by Dorie Greenspan
Contributing Baker: Beatrice Ojakangas
The dough for this recipe is a laminated dough, much like what we used when we made croissants, but way easier and less time consuming. Those of you unfamiliar with the term laminated dough - this is where a slab of butter is enrobed with dough, then rolled, folded (like a business letter), rolled, folded - several times. The more you roll and fold the dough, the flakier your pastry will be.
For this recipe, the butter was sliced in large pieces and pulsed for a very short time (you want the butter to be no smaller than 1/2-inch in diameter) in a food processor with the flour, before being mixed ever so lightly with the rest of the ingredients, then chilled overnight before proceeding with the rolling and folding of the dough.
The danish braid recipe calls for only half the recipe of the pastry dough. I went ahead and made the full amount and placed the rest in the freezer for a later time, thinking this is going to be good, and just may want to make another!
With the fall weather upon us, I decided to go with an apple filling instead of the recommended apricot, prune or berry jam, topped with a confectioner's cream or almond filling. I also forwent the coffee glaze (made from coffee and powdered sugar), one - it did not sound good to me, two - it doesn't need it - before baking, the pastry is topped with almonds and sugar.
This was good. I thought it tasted even better the following day; and the boys at the shop devoured the rest - one, whom is watching what he eats, said it was so good, he had two pieces. :)
I'm happy I have more dough on-the-ready in the freezer. I'm looking forward to making pinwheels filled with maybe a pear-cranberry filling, spiced with cardamom. Sound good?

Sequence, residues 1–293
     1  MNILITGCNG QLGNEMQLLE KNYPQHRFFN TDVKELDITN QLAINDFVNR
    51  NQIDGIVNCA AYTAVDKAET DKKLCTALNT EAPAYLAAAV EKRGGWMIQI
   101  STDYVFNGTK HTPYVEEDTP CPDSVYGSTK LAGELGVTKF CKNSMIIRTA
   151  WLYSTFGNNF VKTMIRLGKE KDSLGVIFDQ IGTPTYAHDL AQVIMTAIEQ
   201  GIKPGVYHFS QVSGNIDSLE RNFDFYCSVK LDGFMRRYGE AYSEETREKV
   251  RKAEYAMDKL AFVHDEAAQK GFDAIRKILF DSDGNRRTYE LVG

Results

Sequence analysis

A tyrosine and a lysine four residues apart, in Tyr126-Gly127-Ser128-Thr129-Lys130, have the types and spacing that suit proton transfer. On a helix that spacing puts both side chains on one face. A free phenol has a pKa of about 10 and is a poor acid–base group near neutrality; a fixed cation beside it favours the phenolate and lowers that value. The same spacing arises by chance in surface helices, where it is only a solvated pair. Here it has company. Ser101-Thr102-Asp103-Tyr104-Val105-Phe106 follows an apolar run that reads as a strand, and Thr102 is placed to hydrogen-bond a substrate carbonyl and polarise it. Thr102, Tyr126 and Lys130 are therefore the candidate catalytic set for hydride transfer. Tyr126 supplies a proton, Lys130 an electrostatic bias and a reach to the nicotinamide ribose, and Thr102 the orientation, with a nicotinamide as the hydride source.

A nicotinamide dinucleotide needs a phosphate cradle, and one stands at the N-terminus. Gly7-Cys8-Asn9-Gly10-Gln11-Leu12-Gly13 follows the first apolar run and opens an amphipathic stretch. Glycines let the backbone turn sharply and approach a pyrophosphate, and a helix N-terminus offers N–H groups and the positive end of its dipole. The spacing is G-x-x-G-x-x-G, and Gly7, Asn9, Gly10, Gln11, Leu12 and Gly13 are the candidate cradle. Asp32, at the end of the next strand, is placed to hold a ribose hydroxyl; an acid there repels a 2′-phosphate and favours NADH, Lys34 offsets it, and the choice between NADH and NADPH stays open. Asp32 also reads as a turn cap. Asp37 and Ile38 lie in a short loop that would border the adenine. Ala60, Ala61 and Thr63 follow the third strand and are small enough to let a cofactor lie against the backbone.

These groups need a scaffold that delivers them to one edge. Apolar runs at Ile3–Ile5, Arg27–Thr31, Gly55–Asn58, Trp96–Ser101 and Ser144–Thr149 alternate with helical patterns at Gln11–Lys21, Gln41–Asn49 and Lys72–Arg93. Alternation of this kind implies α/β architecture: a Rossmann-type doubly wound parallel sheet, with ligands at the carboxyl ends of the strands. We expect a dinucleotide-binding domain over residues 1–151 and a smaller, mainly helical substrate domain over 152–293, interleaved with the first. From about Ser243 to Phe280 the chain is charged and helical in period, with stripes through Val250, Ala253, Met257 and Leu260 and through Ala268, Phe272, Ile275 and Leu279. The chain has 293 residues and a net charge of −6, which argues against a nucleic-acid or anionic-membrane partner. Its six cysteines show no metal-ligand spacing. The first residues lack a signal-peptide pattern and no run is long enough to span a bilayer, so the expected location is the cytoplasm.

The beginnings of the apple filling.
I had enough dough from the scraps to make a pinwheel (OK, enough for two, but I ate that dough).
How cute are pinwheels?!! I wish I had made all pinwheels. Next batch!
Please visit my fellow bakers to see what version they have baked up. You can find their links on the LYL: Danish Braid link over on the Tuesdays with Dorie website.
Makes 2 pounds of dough
¼ cup warm water (105°F to 115°F)
2½ teaspoons active dry yeast
½ cup milk, at room temperature
1 large egg, at room temperature
¼ cup sugar
1 teaspoons salt
2½ cups unbleached all-purpose flour
2 sticks (8 ounces) cold unsalted butter
Pour the water into a large bowl, sprinkle over the yeast, and let it soften for a minute. Add the milk, egg, sugar, and salt and whisk to mix - set aside.
Put the flour in the work bowl of a food processor fitted with the metal blade. Cut the butter into ¼-inch-thick slices and drop them onto the flour. Pulse 8 to 10 times, until the butter is cut into pieces that are about ½ inch in diameter. Don’t overdo this – the pieces must not be smaller than ½ inch.
Empty the contents of the food processor into the bowl with the yeast and, working with a rubber spatula, very gently turn the mixture over, scraping the bowl as needed, just until the dry ingredients are moistened. Again, don’t be too energetic – the butter must remain in discrete pieces so that you will produce a flaky pastry, not a bread or cookie dough.
Cover the bowl with plastic wrap and refrigerate the dough overnight (or for up to 4 days).